One evening in 2014, sat in the garden, looking over to Cartworth Moor, I listened to Myfanwy. An episode in Radio4’s Soul Music series. A podcast during which guests talked about pieces of music that were important to their life story. The final contributor in Myfanwy told of his intended trip from S. Wales to Hereford via the Rhondda in October 1966. They stopped for breakfast and saw a mountain move. Houses and a school were in its path. Slurry and water crossed the road. They started digging. He found a hand, an arm and then a dead little girl. After 48 years he was still heartbroken and cried and so did I. The last line of the song goes, ‘So give me your hand, my sweet Myfanwy, For no more but to say "farewell".’

Myfanwy is a Welsh song of unrequited love. It is warm and melancholic and stirs up feelings of loss and grief. Loss of the Welsh landscape to coal-mining. Loss of many miners in pit explosions and in 1966 the loss of 28 adults and 116 children to an Aberfan spoil heap.

The song was a favourite with Ynysowen Male Voice Choir. Formed in 1966 the choir raised money for the Aberfan disaster fund. They sang at the 50th anniversary, 2016. The last entry on their website is 2018.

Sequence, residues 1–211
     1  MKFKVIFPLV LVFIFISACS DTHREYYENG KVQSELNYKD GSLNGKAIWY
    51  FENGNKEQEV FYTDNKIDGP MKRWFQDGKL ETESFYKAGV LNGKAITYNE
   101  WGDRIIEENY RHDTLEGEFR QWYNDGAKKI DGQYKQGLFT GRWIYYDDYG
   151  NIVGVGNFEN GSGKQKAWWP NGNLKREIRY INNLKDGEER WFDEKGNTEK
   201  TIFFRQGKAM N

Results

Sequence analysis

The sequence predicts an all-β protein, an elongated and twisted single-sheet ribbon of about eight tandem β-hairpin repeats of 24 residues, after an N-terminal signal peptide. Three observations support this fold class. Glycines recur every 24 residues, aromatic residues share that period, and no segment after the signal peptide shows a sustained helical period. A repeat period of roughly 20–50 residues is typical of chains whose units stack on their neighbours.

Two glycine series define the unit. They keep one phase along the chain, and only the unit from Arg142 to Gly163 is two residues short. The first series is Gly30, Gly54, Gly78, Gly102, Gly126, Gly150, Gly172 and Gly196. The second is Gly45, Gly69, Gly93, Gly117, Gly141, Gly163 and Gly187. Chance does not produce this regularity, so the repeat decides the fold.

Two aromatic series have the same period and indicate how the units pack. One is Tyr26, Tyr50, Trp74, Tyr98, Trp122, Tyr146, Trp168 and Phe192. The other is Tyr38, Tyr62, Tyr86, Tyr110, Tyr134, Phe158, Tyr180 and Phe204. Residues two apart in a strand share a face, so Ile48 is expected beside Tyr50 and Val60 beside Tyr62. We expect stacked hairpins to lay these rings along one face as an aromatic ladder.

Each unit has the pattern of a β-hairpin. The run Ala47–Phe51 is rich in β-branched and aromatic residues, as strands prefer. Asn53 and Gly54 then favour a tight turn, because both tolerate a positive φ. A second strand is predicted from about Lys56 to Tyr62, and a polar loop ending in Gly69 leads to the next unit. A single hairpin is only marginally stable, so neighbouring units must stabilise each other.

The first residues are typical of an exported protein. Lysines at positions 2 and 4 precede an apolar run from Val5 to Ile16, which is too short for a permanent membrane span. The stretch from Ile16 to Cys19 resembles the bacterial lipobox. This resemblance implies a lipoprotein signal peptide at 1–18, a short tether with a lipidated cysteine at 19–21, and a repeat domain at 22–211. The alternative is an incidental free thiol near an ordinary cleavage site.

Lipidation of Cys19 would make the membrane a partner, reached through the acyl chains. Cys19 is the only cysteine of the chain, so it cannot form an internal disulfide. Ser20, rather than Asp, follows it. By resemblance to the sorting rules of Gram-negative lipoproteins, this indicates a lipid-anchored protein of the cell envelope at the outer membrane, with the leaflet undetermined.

I joined New Mill Male Voice Choir in 1994 when my mother was dying. The MD, Len Williams, was a retired Welsh Opera tenor who taught us Myfanwy. A lot of music was emotional just then. Twenty years later it hit me again and it still does. Along with another favourite, Abide with Me, it is sad but more of a comfort nowadays.

It is thought that Joseph Parry composed the music to a poem by Richard Davies. Published in 1875.

Myfanwy is for everyone who has lost someone and it pretty much does it again in 2020.

Radio 4 podcast

Male Voices





Old guys in lockdown week 5


These are my raggy tulips.

I had to save them from the child bride who left them literally to rot in the back yard following several weeks water logging. I must have missed out on the drainage holes.
So I took them down to the bottom deck to join the wild flowers, and they have thrived.
But, they are a bit raggy. Upright of stem, openly proud and beautiful yet shy and scalped round the edges.
A bit like me really.
And a bit like this week's coffee/pilates/thursday meet. I muddled the codes. Bob took 20 minutes to join us. He's bought a treadmill - I wonder how long he will take set it up. Derran and Greg had some concerns about my tulip thoughts - droopiness and dead-heads. Greg's limericks on the theme, 'There was a young man from Slawit', were hilarious. (publish later when I have them)